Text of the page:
Genralisation of Findings I can genralise to my target population that I tested as I used 20 participants that were randomly selected and have different backgrounds. But I cannot genralise outside my target population as the age group was only of 16-17yrs old and so wasn't a very wide range of age. And as these students are in a school there brain is much more active than someone who is over 60 perhaps and so results would differ. Application of study to every day life My study can relate to every day life as every day we are using our memory especially in my study as I was focused in a school where participants are constantly using there memory recall to remember things they have learnt recently and so if the participants have just came out of a lesson and decide they wanted to listen to music then this would have an affect of there memory recall on what they have just learnt. And so it would be advisable for students not to listen to music whilst revising or straight after as the music will interfere with what they have just been studying and so they are likely not to remember as much as they could potentially without interference of music. ...read more.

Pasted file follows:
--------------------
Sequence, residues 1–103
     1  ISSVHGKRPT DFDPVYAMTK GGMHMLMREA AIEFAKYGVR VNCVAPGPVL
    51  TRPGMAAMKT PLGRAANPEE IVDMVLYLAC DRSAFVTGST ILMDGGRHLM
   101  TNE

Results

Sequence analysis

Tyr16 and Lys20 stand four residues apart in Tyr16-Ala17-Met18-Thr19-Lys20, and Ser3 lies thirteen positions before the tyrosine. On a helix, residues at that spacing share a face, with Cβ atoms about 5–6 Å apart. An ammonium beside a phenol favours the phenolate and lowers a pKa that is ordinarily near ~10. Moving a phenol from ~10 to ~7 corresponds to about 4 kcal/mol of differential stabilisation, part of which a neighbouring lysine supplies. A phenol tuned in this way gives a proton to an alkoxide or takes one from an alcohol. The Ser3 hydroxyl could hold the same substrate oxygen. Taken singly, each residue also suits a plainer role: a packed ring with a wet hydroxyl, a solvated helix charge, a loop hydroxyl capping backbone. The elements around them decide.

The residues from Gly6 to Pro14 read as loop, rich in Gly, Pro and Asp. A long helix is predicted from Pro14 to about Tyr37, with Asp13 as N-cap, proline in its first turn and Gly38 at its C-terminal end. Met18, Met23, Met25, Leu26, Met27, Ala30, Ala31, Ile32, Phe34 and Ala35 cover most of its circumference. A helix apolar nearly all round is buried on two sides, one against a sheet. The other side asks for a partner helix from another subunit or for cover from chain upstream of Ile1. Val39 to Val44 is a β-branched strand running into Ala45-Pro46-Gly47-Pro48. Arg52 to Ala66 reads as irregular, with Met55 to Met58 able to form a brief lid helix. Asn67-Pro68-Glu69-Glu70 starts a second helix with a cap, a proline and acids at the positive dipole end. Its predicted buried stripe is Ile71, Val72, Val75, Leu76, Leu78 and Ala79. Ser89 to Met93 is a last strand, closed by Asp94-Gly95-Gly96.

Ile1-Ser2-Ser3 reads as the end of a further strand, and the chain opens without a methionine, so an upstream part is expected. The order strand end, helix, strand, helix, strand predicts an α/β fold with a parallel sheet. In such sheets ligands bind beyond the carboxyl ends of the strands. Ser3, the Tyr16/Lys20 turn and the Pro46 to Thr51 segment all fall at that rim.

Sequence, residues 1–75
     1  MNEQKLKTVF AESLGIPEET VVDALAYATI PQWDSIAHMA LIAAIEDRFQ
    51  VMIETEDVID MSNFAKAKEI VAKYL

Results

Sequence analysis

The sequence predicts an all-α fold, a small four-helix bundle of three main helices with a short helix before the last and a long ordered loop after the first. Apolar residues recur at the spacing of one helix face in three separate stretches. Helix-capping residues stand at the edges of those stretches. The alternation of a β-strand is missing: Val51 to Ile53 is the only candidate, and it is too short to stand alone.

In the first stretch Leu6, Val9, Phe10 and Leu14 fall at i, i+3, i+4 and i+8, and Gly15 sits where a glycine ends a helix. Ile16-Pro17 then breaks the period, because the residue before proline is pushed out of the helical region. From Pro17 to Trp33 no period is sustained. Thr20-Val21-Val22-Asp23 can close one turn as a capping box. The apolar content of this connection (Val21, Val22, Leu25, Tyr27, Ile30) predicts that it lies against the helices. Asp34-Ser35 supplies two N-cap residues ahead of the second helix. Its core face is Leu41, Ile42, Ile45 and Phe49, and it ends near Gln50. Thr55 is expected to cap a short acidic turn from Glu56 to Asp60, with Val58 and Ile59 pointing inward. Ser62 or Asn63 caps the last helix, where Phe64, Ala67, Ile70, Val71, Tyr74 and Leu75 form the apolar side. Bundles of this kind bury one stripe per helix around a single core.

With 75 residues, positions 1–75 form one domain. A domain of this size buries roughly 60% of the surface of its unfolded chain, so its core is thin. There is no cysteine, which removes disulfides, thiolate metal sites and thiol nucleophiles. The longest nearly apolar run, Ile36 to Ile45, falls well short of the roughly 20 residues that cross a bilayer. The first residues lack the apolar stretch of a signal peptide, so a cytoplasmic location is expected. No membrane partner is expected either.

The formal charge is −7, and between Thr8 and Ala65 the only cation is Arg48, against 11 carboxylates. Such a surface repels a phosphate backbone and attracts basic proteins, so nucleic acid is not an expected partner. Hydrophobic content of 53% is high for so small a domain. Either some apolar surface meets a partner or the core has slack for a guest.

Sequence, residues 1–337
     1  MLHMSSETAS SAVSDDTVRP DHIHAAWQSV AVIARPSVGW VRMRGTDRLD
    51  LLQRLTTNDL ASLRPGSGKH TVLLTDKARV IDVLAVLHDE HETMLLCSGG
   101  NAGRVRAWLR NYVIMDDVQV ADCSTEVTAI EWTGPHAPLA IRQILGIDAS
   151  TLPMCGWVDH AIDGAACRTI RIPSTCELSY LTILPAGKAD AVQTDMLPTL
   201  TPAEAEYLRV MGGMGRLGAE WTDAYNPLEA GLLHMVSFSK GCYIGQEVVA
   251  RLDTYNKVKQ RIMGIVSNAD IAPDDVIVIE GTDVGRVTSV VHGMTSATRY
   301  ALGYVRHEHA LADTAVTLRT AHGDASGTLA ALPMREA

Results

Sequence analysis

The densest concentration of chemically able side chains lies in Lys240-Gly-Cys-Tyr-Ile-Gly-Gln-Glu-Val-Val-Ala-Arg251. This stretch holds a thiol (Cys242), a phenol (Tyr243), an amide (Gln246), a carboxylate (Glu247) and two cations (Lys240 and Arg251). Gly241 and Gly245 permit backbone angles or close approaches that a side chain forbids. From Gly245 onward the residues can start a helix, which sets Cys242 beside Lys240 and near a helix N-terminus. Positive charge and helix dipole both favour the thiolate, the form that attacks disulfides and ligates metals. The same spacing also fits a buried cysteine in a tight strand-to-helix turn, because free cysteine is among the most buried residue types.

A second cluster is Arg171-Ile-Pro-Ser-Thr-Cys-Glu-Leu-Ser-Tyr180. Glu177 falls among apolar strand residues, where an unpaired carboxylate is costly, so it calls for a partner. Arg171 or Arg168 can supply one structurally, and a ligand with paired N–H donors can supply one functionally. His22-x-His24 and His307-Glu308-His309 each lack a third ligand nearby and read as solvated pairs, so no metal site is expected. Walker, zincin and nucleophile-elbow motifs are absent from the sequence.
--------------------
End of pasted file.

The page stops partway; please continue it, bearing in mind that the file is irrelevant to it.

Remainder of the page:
The above preview is unformatted text

This student written piece of work is one of many that can be found in our AS and A Level Cognitive Psychology section.

Found what you're looking for?

  • Start learning 29% faster today
  • 150,000+ documents available
  • Just £6.99 a month

Not the one? Search for your essay title...